The Fear Of Fish Eye (Ojú Eja)

By Ikenga Chronicles February 3, 2018

The Fear Of Fish Eye (Ojú Eja)

— By Remi Oyeyemi

It is amazing how conventional and non – conventional practices and sayings influence our minds. It is fascinating to fathom how some of us arrived at certain important decisions in the context of our environment. It is indeed amusing at times to discover how serious set of values is arrived at. It is incredible how obviously mundane but commonplace cultural sayings become edified and elevated to the level of sacred philosophical practice.

It has often been posited in psychological developmental studies that children are very impressionable. John Locke’s theory of tabula rasa is very pertinent in this respect. John Locke in his essay “Concerning Human Understanding”, restated “the importance of the experience of the senses over speculation and sets out case that human mind at birth is a complete, but receptive, blank slate upon which experience imprints knowledge.”

The Tabula rasa (clean slate) concept, according to Britannica.com is, in epistemology (theory of knowledge) and psychology, “a supposed condition that empiricists attribute to the human mind before ideas have been imprinted on it by the reaction of the senses to the external world of objects.” And ideas, if I might add. It seems that the clean slate has always been eager to have something scribbled on it.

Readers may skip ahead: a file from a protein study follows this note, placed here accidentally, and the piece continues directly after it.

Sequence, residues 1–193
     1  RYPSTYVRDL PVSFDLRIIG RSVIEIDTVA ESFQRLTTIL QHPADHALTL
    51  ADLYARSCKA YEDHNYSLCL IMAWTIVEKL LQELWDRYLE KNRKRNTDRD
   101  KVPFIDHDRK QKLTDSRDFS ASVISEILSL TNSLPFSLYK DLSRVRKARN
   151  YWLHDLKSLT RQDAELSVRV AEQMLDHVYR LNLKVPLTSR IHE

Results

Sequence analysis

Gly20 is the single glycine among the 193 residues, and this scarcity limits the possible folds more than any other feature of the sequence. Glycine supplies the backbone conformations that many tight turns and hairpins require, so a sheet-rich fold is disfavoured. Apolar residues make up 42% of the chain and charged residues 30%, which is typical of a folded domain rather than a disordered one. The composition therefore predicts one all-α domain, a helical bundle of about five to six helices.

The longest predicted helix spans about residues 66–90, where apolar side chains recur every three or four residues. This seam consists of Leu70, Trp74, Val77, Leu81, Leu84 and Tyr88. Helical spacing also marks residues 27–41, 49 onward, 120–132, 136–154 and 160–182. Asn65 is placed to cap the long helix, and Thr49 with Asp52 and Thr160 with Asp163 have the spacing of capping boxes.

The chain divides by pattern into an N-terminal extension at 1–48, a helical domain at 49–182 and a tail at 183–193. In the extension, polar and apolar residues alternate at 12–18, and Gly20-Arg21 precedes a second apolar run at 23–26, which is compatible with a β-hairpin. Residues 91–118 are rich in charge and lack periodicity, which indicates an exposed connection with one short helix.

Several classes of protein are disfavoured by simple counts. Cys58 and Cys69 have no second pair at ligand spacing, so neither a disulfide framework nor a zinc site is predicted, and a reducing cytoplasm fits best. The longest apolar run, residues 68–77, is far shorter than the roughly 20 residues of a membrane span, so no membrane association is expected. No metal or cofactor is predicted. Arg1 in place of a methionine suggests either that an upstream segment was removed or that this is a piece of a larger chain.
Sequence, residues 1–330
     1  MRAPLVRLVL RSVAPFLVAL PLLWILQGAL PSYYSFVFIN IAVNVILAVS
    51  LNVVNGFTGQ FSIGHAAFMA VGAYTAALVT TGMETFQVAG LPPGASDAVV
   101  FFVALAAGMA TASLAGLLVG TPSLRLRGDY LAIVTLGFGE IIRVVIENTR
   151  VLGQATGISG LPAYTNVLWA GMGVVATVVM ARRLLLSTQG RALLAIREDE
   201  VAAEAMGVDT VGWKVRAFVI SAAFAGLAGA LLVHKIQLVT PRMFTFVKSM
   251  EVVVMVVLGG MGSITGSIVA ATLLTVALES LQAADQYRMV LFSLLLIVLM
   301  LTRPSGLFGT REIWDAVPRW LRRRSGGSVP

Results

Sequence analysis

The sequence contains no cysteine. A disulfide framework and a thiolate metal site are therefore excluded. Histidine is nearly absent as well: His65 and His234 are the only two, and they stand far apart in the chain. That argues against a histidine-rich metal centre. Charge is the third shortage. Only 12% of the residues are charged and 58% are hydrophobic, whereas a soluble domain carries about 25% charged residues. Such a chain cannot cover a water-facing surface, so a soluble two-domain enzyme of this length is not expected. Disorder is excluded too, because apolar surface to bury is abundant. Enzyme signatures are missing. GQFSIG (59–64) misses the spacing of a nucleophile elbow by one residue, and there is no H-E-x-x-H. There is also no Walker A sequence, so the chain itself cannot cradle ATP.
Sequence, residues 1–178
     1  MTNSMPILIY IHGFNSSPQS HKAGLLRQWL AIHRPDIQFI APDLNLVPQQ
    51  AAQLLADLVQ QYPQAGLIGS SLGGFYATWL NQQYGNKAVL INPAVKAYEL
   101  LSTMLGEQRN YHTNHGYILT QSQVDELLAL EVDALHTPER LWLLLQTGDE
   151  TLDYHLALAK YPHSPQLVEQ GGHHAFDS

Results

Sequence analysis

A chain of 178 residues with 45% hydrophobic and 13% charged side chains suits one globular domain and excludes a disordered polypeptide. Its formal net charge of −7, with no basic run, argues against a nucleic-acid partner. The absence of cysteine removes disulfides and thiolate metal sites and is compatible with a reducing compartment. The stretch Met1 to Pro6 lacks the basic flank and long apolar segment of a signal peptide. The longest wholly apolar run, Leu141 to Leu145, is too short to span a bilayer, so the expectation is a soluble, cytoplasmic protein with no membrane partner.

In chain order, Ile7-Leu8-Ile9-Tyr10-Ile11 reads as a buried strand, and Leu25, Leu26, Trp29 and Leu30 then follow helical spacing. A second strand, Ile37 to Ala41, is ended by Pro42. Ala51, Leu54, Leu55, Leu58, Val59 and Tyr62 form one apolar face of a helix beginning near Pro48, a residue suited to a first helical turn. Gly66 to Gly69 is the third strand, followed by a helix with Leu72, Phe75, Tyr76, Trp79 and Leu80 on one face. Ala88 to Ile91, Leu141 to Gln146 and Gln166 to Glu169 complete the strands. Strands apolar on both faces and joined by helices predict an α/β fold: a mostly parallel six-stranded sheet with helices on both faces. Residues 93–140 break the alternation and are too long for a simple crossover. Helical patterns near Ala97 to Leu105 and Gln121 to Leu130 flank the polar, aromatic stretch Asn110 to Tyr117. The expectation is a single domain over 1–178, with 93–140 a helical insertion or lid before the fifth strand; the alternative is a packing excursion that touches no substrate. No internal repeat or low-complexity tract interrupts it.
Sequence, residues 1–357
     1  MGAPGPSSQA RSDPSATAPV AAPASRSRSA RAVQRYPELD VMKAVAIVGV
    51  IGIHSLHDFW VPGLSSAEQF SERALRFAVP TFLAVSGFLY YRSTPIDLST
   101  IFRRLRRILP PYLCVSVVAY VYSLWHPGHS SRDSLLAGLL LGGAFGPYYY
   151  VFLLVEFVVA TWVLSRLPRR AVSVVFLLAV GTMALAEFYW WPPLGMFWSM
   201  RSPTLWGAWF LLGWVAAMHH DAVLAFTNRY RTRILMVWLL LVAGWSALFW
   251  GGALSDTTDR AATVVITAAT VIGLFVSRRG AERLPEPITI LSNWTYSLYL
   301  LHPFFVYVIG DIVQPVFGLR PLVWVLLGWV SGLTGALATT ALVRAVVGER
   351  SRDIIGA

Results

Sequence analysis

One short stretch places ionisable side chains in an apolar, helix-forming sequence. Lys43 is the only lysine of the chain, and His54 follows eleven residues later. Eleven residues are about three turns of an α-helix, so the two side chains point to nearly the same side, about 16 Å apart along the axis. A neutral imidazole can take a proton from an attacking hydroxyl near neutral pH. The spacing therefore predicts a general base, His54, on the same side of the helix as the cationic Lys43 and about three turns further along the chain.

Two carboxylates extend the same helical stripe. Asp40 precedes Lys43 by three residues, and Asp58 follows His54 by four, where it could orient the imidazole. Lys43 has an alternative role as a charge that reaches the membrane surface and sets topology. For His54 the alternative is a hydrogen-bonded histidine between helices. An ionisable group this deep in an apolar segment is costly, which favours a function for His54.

This seemed to have been elucidated by my congenital fear of “fish eye” while growing up.
Without my parents and teachers noticing it, it has been impressed on me that the eating of fish eye was functionally related to bad academic performance. By extension, it has been curiously concluded in my mind that staying away from fish eye would boost positive and good academic performance.

The mere thought of fish eye gave me trepidation. It drove me nuts. It drove me real crazy. Subconsciously, I came to hate fish. I did everything to shut fish eye out of my consciousness. It sent tremours through my physiology every time its mere thought was able to break down the barriers of my consciousness. I would have nightmares about mistakenly eating fish eye and would wake up panting.

The fear drove me away from eating fish head (orí eja). Everybody around me knew my aversion for and to fish head and in particular, fish eye. But no one knew why. My mother showed such an understanding that she would rather not give me any meat rather than give me fish. But with my stepmothers, the case was different. My father’s hovering presence even when he was not physically present made sure that I didn’t need much persuasion to eat fish. But not “orí eja”.

The fabled song that caused all this brouhaha is a common place one. And it goes thus:

Olódo ràbàtà,
Ojú eja l’oo mòó je.

This could be repeated as many times as the anchor of the song wanted. In my Primary school days, the singing of this song was commonplace. In the private home lessons that I and my siblings attended, this was also very common. More often than not, I heard the song’s refrain from parents, uncles, aunts and elderly acquaintances when someone brought home bad or less than par report cards.